Coal Tattoo

Massey Energy CEO Don Blankenship is certainly making the rounds today, in support of his company’s latest PR campaign — this one an all-out effort to convince the public that the Upper Big Branch Mine Disaster was an unavoidable act of God.

Here’s one select quote from Blankenship’s lunchtime talk at the National Press Club in Washington:

I’m a realist. The politicians will tell you we’re going to do something so this never happens again you won’t hear me say that. Because I believe that the physics of natural law and God trump whatever man tries to do. Whether you get earthquakes underground, whether you get broken floors, whether you get gas inundations, whether you get roof falls, oftentimes they are unavoidable just as other accidents are in society. So, the idea that we can prevent it from happening again is one that I’m cautious not to say that, although I can tell you there is no one more motivated and intending to try harder to avoid it happening again than I am and Massey’s management time is.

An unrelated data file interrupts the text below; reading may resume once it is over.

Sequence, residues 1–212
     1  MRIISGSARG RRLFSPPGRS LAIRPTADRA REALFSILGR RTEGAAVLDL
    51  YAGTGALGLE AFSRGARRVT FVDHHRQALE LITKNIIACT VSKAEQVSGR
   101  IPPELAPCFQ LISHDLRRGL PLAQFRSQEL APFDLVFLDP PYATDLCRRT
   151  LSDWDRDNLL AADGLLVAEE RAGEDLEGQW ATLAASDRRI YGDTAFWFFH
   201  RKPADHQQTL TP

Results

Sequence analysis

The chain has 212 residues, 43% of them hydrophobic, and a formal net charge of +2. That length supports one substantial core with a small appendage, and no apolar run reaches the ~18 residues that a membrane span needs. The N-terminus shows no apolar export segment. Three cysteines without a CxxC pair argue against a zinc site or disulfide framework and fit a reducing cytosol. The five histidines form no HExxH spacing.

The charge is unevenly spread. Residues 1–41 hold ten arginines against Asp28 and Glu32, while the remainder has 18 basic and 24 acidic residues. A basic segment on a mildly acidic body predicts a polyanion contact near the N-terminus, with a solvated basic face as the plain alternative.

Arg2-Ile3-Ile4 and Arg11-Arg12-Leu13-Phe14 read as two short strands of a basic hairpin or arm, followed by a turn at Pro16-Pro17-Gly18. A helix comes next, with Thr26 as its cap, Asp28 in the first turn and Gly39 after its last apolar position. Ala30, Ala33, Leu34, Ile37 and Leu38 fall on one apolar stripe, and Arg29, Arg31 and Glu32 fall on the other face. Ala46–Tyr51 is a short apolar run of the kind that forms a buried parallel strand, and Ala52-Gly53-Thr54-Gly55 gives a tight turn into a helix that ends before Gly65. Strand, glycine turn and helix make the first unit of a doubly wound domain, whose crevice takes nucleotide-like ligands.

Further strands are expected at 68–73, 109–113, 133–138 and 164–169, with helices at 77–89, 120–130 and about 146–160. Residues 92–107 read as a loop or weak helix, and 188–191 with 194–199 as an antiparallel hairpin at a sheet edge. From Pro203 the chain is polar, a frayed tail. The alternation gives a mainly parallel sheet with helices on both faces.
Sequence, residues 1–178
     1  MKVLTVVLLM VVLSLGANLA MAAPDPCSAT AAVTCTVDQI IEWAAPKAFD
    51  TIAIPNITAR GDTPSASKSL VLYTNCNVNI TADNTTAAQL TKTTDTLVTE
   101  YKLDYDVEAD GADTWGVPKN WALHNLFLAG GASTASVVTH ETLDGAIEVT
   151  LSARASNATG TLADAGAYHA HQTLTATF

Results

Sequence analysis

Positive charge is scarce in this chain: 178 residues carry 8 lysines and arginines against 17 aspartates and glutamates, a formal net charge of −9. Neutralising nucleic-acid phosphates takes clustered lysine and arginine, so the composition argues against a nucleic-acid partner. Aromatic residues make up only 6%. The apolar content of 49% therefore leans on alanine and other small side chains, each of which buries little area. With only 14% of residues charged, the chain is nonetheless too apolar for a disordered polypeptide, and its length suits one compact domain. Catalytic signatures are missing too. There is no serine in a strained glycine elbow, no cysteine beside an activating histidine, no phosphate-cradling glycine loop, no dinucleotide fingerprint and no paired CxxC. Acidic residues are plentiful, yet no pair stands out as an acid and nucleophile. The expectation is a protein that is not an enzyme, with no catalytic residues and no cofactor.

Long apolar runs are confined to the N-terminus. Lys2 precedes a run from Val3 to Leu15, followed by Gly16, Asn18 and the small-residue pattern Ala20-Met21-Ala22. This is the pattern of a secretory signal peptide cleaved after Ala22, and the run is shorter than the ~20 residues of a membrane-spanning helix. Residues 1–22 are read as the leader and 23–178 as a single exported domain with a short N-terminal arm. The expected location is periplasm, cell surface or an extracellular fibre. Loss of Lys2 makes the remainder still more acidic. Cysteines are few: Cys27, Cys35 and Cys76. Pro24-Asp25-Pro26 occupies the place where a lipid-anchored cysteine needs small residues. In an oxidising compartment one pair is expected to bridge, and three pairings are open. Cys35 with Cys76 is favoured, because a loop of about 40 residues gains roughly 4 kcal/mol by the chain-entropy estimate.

C-Span hasn’t posted the video yet, but I’ll add it once it’s available. UPDATED: Here’s a link to that video.

Meantime, Blankenship also gave an “exclusive interview” to Bloomberg news. Among his remarks in that interview:

We don’t know for sure what happened. We do know that there was a crack in the floor near where the mine was operating … and that we have seen that seven years or so ago that happened. It releases a tremendous amount of gas at one time.

Here’s the video of that interview:

UPDATED: And, thanks to the nice folks at Bloomberg’s PR department, here is a transcript of the longer interview.

We’ve already seen MSHA’s response to today’s Massey campaign … and I just interviewed Davitt McAteer, Gov. Joe Machin’s special investigator for the UBB Disaster, and he told me:

If a mining method or a mine seam is vulnerable or prone to methane outbursts then the question is what precautions were taken or have been implemented to prevent these outbursts from turning into a cataclysmic event.

The effort to place blame on God or another person is not an uncommon practice after disasters, particularly in the mining industry. But investigations have almost always led to the conclusion that it wasn’t God who did it.